Jay-Z’s ‘Glory’ for Blue: One of Hip-Hop’s Greatest Love Songs

The rapper's ode to his newborn heralds an era of grownup hip-hop that deals with deep emotions

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Jay-Z performs at the the 2010 World Basketball Festival Tip Off in New York City, August 2010.

This week, one of the greatest love songs in hip-hop history was released, a song that made some cry. Hip-hop has not always dealt as well with the deeper emotions of the mature soul as the blues, jazz and soul music. But hip-hop has a grownup wing now and is becoming more comfortable with deep emotions. Case in point: the new, poignant, melancholy love song by Jay-Z called “Glory” that reminds me a little of Stevie Wonder’s classic “Isn’t She Lovely?” They sound nothing alike but are emotional cousins as both are powered by a man’s heart bursting over a young child. Jay’s chorus: “The most amazin’ feeling I feel/ Words can’t describe the feeling, for real/ Maybe I paint the sky blue/ My greatest creation was you, you. Glory.”

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We have heard rappers rhyme about their love for their children before, but I can’t recall a hip-hop song about babies that’s as emotionally complex as “Glory.” It captures the exuberance of a new parent — Jay and Beyoncé’s daughter Blue was born two days before the song came out — but really “Glory” is a song about two pregnancies, one that was successful and one that was not. In the song, Jay’s joy about his new daughter sits alongside his lingering pain about a past miscarriage.

The fearful specter of failed pregnancy and the magical balm of a baby are referenced in the song’s first lines — “False alarms and false starts/ All made better by the sound of your heart.” It’s a bit shocking to hear Jay talk so openly about the couple’s previous loss — “all the pain of last time” — and fears that it would happen again — “We was afraid you disappeared/ But, nah baby, you magic.” But perhaps the openness he reveals in “Glory” is a reflection of the impact birth has had on him. Jay has presented himself as rather cold-hearted throughout his career. In interviews we’ve done, he has told me about hiding his heart because he never wanted to be hurt like he was when he was 10 and his father abandoned him and his family. Yet in this song, like none other in Jay’s storied career, you hear him with the ice melted. It’s in his voice — the sense of relief, bliss, awe and love. There’s no bravado here — he’s been humbled by the birth of his child. It’s Jay-Z so it’s a restrained example of exuberance, but it’s clear that he’s bursting with the pride of a brand new parent.

It’s something of a memoir, this “Glory,” but one that also stretches into the future. It sits at a central moment in Jay’s life looking both forward and back. He takes stock of the past — “Rough sledding here and there but I made it through.” The mention of traveling via snow is a clear reference to his past as a crack dealer (snow is a synonym for cocaine.) And he leaps into the future where he’s eager to spoil her — “2 years old, shoppin’ on Saville Row.” He gives us snapshots from the pregnancy. “Your momma said that you danced for her.” And “You don’t yet know what swag is/ But you was made in Paris.” And as his beloved mother hovers over the song — her name is Gloria — he links this present moment to the story of his absent father, which is the Rosebud of Jay’s life.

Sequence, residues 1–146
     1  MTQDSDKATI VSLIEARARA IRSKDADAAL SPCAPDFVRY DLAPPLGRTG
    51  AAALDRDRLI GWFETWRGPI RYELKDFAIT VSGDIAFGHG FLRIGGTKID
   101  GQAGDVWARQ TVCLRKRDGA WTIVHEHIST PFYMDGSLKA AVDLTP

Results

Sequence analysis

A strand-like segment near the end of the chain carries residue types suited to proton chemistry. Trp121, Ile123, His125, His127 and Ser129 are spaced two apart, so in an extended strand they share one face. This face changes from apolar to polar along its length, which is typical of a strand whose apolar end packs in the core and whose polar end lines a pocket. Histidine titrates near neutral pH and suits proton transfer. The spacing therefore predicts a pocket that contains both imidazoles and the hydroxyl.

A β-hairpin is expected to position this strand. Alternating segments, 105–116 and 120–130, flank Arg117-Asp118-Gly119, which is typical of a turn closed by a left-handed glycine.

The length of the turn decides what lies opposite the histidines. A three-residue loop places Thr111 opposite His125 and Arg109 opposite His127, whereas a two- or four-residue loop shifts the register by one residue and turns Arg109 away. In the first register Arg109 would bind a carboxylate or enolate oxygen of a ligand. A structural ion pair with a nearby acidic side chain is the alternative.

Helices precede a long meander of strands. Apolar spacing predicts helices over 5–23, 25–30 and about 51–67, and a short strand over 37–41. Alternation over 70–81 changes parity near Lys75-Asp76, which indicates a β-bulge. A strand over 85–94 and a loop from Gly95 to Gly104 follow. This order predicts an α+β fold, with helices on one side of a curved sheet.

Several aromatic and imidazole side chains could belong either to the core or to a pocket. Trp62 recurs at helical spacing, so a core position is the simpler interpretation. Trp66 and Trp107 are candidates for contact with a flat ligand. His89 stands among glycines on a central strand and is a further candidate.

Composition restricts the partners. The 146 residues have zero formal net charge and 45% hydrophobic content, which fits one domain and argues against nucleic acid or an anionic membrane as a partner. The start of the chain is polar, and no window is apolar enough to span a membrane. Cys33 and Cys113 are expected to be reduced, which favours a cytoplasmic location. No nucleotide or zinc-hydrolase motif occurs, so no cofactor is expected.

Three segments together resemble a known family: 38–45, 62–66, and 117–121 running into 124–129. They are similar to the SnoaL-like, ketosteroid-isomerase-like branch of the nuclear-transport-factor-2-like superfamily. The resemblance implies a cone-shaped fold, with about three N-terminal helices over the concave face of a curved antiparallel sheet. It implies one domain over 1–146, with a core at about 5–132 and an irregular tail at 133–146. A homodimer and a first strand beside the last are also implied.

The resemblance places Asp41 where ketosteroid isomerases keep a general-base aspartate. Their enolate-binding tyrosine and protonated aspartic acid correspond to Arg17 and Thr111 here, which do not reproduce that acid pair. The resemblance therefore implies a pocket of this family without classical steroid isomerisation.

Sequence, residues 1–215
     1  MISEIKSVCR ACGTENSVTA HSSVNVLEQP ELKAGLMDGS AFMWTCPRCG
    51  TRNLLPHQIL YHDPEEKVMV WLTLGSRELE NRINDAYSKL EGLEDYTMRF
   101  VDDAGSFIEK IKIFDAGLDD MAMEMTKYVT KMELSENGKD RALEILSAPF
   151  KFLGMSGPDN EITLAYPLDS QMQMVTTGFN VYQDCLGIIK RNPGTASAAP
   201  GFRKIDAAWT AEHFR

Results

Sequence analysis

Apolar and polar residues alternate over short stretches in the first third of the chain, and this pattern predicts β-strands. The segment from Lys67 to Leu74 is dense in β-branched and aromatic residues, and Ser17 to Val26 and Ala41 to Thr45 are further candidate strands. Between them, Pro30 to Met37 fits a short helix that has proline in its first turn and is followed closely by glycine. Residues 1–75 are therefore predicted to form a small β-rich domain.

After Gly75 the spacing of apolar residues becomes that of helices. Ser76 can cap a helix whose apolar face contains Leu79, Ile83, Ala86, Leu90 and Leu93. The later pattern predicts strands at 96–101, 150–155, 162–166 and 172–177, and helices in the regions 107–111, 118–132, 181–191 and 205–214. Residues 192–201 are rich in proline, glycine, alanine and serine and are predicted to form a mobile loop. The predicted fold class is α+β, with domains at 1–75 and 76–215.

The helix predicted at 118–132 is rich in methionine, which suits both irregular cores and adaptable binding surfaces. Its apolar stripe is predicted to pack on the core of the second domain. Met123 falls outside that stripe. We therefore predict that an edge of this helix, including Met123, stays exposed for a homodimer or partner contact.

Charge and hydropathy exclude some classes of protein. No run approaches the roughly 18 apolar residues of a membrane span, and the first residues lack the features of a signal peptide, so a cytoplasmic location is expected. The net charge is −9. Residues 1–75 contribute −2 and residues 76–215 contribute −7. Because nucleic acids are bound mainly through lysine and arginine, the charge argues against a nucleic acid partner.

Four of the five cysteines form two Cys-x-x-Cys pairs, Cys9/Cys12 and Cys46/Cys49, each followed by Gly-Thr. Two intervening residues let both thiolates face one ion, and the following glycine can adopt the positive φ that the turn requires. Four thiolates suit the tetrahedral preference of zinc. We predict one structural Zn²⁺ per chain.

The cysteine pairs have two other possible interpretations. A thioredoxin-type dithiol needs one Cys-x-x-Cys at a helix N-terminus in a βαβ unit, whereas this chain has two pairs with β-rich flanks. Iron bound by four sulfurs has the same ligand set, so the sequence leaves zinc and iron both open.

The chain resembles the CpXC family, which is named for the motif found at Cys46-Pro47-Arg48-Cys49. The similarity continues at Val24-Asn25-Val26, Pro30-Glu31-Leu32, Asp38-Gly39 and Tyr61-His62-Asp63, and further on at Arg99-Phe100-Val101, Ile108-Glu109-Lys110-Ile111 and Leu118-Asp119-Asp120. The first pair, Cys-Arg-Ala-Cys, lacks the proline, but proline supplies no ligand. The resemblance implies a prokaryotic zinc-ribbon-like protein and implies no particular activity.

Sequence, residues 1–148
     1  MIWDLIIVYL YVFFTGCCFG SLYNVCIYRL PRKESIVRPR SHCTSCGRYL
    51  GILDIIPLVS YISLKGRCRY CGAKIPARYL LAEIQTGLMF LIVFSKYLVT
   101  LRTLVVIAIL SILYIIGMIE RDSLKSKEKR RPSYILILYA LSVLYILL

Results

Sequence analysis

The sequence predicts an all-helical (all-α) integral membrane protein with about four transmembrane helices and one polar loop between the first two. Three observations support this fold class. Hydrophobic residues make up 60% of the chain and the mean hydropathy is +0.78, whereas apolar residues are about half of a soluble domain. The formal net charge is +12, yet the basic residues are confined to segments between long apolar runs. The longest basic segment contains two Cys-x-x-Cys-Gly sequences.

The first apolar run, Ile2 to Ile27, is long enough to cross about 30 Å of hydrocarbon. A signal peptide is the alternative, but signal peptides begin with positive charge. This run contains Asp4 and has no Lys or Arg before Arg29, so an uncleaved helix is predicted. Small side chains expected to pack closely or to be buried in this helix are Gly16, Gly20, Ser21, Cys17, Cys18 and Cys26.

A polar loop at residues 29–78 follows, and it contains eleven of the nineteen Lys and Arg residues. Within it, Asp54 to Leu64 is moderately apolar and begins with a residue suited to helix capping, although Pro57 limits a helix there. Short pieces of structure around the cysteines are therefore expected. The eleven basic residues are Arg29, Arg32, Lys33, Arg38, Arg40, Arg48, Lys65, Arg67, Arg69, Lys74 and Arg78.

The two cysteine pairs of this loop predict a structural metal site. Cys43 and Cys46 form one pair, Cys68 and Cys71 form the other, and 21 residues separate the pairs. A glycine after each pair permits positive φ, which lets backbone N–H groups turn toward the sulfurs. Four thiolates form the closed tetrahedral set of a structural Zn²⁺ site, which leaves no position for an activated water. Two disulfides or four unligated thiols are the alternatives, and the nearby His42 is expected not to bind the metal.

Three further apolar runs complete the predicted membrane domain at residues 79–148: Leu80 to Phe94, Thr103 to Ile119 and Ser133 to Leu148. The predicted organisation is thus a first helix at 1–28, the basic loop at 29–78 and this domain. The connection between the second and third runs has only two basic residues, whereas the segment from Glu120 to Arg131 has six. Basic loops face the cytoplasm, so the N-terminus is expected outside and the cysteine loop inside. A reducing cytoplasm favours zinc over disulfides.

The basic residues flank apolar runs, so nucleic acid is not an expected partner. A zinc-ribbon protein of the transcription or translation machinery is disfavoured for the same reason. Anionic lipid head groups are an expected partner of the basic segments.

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“Your grandpop died of nigga failure/ Then he died of liver failure/ Deep down he was a good man/ God damn I can’t deliver failure.” That’s a deep passage there. He indicts his father for leaving him, then forgives him. That hard-earned realization of his father’s essential goodness arrived after decades of hating him for leaving: just before he died, they re-met and Jay was able to table his anger and realize who his dad really was. Then Jay concludes that bit with how resolute he is about being a great dad and breaking the cycle of fatherlessness that’s plagued the hip-hop generation and his life. This isn’t the first time Jay’s spoken about that — on “New Day,” a song from his last album Watch the Throne (made with Kanye), Jay speaks to his unborn child about what sort of parent he wants to be and ends with: “Cuz my Dad left me and I promise never repeat him/ Never repeat him/ Never repeat him.” To hear this black man who grew up without a father repeatedly promise to be there for his child is heartwarming and inspiring and beautiful.

This is not Jay-Z posturing and branding and being a business. This is not a single promoting an album. This is a man who processes the world by making music and so, at a massive moment in his life, went into the studio with a beat that sounds like superproducer Pharrell Williams’s vision of a lullaby, and opened up his chest to reveal a swelled heart. This is his way of announcing her to the world. Some send cards, some send mass emails, Jay makes a song. And puts a recording of tiny Blue cooing and crying at the end. This is his Lion King lifting-baby-to-the-sky moment.

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